Editorial: Dawn of the Commercial Space Age (Source: Roanoke Times)
Monday will mark the 49th anniversary of the first human to orbit Earth in space. That man's name was Yuri Garagin. Today, he serves as an international symbol of the human quest. He is feted annually with Cosmonaut's Day and Yuri's Night globally. Since that day in 1961, more than 500 human beings have trained and escaped the upper atmosphere, crossing the so-called Karman Line to outer space. Men and women of numerous nationalities have been to space on vehicles built by Russian, American and Chinese governments. Hundreds more are destined to do likewise.

On Thursday, President Barack Obama will articulate a new national space policy, and chart a new course for NASA. The president's remarks on space policy will not be easy, indeed they will be hard for many. At the conclusion of 2010, no American-made spacecraft will be available to lift our astronauts from Earth for years. And we may bear witness to Chinese walking on the moon in the next 10 years.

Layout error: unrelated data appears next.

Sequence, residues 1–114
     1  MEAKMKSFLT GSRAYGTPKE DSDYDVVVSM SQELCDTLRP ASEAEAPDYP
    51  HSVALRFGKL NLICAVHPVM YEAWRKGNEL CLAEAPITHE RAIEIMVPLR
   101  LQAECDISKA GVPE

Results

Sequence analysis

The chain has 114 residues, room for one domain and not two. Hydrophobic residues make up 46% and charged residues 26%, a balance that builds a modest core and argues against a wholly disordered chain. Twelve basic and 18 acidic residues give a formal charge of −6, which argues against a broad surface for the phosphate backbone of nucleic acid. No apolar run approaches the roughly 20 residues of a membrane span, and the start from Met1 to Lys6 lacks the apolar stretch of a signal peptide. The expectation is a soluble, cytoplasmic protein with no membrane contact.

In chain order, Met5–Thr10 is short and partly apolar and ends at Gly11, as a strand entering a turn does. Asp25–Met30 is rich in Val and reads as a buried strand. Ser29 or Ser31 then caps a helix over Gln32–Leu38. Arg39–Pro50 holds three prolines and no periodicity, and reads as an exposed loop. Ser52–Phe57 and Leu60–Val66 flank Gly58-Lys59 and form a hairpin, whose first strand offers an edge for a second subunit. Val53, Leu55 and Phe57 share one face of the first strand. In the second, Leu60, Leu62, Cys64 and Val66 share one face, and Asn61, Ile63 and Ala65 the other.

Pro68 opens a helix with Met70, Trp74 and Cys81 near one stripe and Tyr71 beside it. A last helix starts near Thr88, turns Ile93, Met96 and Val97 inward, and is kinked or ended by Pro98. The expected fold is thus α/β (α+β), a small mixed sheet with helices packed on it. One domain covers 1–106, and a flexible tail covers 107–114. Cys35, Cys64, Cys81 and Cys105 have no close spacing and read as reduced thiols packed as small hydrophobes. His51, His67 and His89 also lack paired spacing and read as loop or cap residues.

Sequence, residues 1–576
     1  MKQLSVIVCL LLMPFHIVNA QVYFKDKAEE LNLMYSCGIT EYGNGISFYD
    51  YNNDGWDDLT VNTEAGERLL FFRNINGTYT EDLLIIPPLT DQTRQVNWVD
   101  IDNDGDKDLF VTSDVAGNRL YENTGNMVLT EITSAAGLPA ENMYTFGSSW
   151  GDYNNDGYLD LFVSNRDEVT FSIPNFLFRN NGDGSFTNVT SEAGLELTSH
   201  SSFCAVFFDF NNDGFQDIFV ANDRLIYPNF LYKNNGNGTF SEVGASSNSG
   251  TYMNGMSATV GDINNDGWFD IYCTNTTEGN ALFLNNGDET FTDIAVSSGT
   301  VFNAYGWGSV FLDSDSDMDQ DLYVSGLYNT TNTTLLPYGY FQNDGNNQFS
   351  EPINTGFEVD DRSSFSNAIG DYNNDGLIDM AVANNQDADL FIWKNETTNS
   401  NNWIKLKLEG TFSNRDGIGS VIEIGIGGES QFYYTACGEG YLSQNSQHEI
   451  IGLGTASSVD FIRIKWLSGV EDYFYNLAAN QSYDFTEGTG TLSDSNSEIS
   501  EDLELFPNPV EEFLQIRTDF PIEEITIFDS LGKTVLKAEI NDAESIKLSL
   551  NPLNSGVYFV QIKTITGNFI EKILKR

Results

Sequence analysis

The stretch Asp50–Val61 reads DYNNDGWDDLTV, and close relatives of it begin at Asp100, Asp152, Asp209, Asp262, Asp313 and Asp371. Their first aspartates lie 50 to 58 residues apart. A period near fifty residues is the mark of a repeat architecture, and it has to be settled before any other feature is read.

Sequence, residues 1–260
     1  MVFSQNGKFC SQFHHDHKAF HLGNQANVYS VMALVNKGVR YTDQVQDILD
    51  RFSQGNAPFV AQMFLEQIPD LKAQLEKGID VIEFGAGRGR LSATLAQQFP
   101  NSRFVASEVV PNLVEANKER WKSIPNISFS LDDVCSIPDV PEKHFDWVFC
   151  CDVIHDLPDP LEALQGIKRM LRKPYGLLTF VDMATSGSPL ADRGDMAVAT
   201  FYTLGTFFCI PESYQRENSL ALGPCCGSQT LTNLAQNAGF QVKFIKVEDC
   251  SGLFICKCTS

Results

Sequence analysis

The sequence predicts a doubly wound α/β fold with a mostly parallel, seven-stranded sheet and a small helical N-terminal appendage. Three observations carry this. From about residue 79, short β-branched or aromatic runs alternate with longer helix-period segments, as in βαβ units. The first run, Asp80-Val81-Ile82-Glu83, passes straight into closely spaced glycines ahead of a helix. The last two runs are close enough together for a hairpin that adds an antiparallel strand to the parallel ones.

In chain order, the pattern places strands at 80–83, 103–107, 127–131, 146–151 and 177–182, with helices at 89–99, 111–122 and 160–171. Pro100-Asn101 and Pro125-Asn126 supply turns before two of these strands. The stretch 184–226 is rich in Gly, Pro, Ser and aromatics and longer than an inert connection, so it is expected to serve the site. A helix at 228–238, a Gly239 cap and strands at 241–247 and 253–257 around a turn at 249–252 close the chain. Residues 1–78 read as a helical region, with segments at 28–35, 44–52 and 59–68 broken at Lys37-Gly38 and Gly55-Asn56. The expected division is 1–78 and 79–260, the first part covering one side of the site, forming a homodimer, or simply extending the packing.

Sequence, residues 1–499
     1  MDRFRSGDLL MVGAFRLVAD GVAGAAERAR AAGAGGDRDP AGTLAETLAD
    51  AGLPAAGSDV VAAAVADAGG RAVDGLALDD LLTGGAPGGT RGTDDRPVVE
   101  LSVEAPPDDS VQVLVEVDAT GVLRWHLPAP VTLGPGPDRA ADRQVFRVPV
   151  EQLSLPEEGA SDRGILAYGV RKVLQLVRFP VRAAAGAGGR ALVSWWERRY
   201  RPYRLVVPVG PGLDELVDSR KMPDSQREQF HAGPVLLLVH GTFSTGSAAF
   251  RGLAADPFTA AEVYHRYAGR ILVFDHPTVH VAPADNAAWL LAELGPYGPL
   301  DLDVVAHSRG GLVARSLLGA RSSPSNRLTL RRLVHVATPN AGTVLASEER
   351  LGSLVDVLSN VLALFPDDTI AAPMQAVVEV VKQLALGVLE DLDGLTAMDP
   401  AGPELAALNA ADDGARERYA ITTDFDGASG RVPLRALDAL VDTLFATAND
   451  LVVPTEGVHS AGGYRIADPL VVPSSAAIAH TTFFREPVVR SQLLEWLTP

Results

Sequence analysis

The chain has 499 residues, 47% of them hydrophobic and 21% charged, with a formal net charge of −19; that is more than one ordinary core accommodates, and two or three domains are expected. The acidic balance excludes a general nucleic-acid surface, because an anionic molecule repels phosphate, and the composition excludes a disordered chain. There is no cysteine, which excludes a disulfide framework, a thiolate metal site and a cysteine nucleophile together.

Instead, this president will be making a significant bet on American private enterprise and ingenuity to return Americans to low Earth orbit and enable NASA astronauts and private citizens to go beyond. And, it will come from companies like Virginia-based Orbital Sciences Corp., California-based SpaceX and others. Americans will reach for the stars from Cape Canaveral and a little-known place called Wallops Island on Virginia's Eastern Shore, beginning as soon as 2016. (4/11)